9 reasons why you should never, ever date an opera singer - never mind marry one....

Ex-singer and opera-star widow Lucy White explains the pros and cons of dating - or heaven forbid even marrying - an opera singer.

9 reasons why you should never, ever date an opera singer - never mind marry one....
Published: June 5, 2022 at 10:25 am
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For lovers of music, dating an opera singer may seem like a great idea. After all, you know your Verdi from your Puccini, which gives you plenty to talk about straight from the off. As your relationship develops, you’ll probably find that you can throw your date into any party of people, knowing they’ll charm the pants off everyone there with their confident performance and hobnobbing skills.

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And, of course, it’s a brilliant novelty to be able to tell friends, ‘Yeah, he’s an opera singer’ – because, let’s face it, it’s more interesting than ‘Yeah, he works in server networks’, to which the only answer is, ‘Oh. Ok.’

Perhaps you’re in a relationship already, and your partner has started learning classical voice. In which case, you’ll have all the above pros, but also a few new points to factor in – namely the sudden drop in income, late nights in the practice room and new (younger) friends they’re hanging out with. This is all fine, because one day, you’ll be in a private box at the ROH with your parents, watching your significant other in the lead role. Right?

Well, maybe. I first met a sub-editor, who became an opera singer. It’s not all bad (reader, I married him) but there are definitely some things to bear in mind if your other half is on that journey. As neither Verdi nor Puccini ever wrote, ‘it’s a long way to the top if you wanna rock and roll’.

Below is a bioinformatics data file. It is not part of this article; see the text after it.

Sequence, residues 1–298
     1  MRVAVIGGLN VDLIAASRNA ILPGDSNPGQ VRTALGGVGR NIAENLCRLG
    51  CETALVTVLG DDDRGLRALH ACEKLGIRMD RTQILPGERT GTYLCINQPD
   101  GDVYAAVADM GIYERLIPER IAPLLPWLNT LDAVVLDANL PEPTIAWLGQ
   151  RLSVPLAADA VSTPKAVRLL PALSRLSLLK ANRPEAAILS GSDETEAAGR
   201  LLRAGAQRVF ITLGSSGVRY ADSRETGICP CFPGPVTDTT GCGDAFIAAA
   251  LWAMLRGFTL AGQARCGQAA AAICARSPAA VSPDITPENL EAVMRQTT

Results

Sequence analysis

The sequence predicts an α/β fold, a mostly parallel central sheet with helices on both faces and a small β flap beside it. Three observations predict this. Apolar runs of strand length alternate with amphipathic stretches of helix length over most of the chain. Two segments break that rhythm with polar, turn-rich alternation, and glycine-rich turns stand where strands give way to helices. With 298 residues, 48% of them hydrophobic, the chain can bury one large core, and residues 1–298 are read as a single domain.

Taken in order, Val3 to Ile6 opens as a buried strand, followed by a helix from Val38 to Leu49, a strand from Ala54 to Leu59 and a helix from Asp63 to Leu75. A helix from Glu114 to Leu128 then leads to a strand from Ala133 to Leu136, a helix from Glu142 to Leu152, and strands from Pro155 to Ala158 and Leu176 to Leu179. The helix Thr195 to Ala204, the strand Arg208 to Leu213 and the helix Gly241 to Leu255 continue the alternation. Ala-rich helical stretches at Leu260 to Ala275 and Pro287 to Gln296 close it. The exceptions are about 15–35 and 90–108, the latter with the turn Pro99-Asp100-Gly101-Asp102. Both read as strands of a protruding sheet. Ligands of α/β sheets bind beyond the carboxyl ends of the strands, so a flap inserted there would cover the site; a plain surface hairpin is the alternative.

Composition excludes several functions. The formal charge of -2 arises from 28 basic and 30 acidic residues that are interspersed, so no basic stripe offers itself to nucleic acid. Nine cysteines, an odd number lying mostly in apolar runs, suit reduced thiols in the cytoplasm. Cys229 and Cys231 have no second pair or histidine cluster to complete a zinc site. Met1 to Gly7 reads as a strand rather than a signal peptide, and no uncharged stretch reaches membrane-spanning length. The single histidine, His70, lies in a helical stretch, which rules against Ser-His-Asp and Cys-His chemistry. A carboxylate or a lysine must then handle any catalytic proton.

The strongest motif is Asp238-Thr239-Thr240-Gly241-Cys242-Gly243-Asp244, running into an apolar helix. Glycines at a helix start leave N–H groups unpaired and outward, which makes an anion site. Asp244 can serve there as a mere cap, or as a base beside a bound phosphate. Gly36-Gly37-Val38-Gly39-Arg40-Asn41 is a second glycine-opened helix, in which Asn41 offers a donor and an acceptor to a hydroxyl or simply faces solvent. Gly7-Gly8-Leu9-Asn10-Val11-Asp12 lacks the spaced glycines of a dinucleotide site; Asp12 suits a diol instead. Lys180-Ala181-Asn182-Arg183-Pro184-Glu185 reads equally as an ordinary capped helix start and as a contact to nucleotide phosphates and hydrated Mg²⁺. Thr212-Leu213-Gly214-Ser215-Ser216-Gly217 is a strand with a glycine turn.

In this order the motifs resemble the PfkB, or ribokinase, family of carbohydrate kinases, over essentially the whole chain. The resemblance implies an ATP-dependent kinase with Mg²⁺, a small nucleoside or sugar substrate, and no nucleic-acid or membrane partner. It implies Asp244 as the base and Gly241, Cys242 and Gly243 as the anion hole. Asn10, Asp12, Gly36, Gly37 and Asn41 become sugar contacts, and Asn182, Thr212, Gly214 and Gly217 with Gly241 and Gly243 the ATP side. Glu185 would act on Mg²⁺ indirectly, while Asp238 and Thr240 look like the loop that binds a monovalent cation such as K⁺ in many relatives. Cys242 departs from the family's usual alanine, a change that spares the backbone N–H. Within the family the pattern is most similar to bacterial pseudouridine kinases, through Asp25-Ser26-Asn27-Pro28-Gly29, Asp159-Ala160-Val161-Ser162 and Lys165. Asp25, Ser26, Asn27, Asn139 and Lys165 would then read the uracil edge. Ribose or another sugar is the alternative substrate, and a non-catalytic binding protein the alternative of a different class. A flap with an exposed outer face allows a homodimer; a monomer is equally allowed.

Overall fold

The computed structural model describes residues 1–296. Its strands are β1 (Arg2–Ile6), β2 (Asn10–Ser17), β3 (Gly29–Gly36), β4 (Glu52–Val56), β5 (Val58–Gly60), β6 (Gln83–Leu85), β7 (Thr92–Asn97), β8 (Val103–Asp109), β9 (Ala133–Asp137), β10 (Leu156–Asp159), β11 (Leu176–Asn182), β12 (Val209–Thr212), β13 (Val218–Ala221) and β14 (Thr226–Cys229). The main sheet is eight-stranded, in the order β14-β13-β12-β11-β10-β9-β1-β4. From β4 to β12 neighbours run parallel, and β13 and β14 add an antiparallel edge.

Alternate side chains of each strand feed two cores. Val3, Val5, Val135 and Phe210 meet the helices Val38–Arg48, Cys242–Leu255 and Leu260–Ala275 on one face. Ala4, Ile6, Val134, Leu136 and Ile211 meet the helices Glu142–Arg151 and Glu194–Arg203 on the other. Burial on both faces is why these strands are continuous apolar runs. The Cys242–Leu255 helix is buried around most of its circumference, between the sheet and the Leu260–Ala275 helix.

1. It’s a high-maintenance threesome

There is a third party in your relationship now: your partner’s voice. Previously, your partner would sing for fun, perhaps even wail out some Freddie Mercury while in the shower. But now that they’re learning to sing ‘proper’, the shower singing becomes much weirder, and the voice much more all-encompassing.

The basis for teaching someone to sing is intangible: it’s done through a mix of visualisations, metaphors and strange physical exercises to help ‘free’ the voice. This is a lifetime’s journey, filled with personal revelations that they will want to share with you. Did you know you had a soft palate and a hard palate? You do now. Get used to it, because you’ll hear so much about this voice in the months and years to come that eventually it will take on its own identity.

At this point, that person is no longer your boyfriend, girlfriend, partner or husband and you should not think of them as such. No, it’s best for your own sanity to now think of them as your singer – because that is how they are redefining themselves in the world. Let me put this clearly: if you’re both ultimately hoping for red carpet success, which would result in the big house, grand piano, enormous practice room and fantastic views, your partner’s voice has to become the most important thing in your life for quite a long time. Which means…